More information and links to the toolkit, released as part of its forthcoming Center for Postsecondary and Economic Success, the Center for Law and Social Policy (CLASP) is available under Funding Career Pathways and Career Pathway Bridges: A Federal Policy Toolkit for States at http://www.clasp.org/resources_and_publications/publication?id=0762&list=publications

By Dean in Career Clusters®, News, Publications, Resources
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Community College Grant Solicitation Expected This Month

Wednesday, October 13th, 2010

Last year, the American Recovery and Reinvestment Act amended the Trade Act to authorize a new Trade Adjustment Assistance Community College and Career Training Grant Program, which was then funded at $2 billion over four years by the healthcare bill in March. These grants will be available to institutions of higher education to expand their capacity to provide education and career training to TAA for Workers program participants and other individuals to upgrade their knowledge and skills so that they can find family-sustaining employment. The grant solicitation is expected to be released later this month.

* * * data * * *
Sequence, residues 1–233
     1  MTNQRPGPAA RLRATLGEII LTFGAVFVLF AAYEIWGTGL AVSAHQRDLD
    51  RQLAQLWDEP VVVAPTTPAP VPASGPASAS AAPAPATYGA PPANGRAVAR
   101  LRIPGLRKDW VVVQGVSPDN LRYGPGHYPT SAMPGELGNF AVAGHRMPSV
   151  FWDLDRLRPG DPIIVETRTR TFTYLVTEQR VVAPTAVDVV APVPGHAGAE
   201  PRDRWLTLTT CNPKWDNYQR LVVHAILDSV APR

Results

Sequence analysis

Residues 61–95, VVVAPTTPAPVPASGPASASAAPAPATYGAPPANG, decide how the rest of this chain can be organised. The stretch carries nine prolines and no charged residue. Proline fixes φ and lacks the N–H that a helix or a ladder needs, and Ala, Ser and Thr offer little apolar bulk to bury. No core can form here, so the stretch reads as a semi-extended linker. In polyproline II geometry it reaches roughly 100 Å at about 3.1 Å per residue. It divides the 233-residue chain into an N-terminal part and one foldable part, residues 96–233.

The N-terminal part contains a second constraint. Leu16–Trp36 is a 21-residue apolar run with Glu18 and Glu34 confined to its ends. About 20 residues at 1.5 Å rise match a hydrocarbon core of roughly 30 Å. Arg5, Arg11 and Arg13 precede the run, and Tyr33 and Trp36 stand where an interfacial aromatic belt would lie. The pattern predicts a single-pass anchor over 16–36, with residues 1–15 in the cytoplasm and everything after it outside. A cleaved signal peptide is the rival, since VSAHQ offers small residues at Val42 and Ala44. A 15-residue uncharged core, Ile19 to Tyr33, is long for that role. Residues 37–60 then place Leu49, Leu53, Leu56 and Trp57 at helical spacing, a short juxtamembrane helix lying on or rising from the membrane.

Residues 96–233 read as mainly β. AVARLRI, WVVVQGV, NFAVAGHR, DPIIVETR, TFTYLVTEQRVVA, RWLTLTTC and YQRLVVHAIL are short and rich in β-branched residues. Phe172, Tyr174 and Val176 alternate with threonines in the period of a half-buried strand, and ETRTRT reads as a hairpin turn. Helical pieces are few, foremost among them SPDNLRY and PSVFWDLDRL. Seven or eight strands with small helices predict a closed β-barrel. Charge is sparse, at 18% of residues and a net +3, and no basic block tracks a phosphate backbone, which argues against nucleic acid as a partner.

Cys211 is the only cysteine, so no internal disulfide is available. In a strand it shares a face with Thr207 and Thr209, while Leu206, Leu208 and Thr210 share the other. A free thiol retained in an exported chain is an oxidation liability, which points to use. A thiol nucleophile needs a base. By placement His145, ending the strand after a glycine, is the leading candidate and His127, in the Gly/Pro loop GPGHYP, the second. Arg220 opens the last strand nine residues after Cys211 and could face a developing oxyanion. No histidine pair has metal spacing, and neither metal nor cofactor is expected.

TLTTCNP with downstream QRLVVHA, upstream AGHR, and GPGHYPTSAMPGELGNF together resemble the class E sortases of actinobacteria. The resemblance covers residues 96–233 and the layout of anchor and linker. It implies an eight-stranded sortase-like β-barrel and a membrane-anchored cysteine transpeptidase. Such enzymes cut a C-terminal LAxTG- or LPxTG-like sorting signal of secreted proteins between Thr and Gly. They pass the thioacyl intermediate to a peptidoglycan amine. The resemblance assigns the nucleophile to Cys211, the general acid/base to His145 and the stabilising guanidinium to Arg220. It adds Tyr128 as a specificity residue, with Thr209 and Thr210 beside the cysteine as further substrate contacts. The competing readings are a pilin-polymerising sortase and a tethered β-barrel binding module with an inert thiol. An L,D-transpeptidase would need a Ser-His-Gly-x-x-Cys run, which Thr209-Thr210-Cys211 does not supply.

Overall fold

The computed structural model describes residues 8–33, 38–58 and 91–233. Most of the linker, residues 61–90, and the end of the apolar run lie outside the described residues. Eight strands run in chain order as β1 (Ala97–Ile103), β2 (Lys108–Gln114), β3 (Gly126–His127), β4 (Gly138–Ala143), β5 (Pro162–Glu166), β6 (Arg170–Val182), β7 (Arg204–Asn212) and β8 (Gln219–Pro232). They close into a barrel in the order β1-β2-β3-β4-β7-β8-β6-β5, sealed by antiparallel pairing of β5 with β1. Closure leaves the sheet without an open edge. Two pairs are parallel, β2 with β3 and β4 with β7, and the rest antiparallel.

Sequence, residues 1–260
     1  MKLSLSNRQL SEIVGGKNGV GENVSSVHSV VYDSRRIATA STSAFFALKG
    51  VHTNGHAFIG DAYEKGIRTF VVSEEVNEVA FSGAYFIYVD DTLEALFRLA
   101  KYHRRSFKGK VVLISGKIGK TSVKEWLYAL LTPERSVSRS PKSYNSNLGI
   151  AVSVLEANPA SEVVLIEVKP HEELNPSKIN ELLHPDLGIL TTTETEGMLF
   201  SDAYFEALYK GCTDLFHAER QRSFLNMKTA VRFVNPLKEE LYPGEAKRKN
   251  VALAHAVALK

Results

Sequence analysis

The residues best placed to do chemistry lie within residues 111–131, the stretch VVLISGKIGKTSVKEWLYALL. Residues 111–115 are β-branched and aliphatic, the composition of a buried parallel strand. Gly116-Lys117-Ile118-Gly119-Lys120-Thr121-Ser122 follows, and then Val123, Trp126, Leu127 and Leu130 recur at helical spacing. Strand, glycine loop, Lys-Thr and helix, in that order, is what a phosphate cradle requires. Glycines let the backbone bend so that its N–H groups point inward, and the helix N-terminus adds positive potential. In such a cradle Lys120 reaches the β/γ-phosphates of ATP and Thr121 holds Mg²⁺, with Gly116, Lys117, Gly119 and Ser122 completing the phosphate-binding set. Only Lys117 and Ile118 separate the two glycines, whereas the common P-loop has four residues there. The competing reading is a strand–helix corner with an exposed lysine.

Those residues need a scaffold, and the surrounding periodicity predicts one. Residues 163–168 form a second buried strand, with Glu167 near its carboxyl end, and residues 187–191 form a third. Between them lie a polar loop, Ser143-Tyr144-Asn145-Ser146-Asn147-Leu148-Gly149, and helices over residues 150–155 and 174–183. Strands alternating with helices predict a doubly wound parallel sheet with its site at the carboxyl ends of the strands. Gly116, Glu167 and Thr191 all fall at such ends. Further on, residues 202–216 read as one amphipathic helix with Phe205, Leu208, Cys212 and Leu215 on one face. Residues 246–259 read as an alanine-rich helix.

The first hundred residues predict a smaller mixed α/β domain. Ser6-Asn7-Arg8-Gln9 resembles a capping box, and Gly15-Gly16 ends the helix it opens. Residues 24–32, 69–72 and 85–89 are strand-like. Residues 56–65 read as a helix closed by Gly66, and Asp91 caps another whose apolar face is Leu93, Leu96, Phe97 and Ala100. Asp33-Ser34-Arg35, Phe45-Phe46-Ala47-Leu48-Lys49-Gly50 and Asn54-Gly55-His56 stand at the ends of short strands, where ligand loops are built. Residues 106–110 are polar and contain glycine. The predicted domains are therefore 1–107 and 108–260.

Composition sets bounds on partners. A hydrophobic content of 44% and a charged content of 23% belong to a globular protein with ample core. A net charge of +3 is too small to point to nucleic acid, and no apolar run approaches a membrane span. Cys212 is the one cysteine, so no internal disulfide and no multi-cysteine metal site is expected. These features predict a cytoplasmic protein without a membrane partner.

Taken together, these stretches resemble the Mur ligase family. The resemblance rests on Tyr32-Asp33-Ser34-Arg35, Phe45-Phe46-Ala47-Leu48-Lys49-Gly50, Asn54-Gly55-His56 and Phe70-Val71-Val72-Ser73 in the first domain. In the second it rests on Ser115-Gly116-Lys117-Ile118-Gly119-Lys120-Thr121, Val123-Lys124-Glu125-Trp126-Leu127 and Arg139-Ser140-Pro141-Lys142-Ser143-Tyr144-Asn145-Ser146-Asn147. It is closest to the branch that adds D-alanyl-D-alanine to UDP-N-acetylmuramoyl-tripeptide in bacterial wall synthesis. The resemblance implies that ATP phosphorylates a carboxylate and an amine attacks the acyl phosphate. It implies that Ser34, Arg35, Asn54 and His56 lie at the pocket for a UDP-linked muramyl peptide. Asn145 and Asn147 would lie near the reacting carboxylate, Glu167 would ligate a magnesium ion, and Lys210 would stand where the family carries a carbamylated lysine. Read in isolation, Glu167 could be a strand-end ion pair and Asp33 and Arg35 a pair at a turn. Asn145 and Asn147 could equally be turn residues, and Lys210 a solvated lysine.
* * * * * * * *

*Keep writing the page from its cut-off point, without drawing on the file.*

The Department of Labor has released a fact sheet on the grant program outlining key issues and questions for colleges interested in applying for funds. Additional information can be found in the most recent issue of the Association of Community College Trustees’ Trustee Quarterly magazine, which features Q&A with Department of Education Under Secretary Martha Kanter and Department of Labor Assistant Secretary Jane Oates.

By Nancy in Legislation
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Advantages and Disadvantages of Postsecondary Accountability Databases

Wednesday, October 13th, 2010

Shortly after taking office last year, President Obama announced that “by 2020, America will once again have the highest proportion of college graduates in the world,” thrusting the spotlight on postsecondary accountability. A new report from the American Council on Education, College Graduation Rates: A Look Behind the Numbers, explores the complexities of measuring college graduation rates and finds that existing databases do not give a full picture of student outcomes and success at the postsecondary level.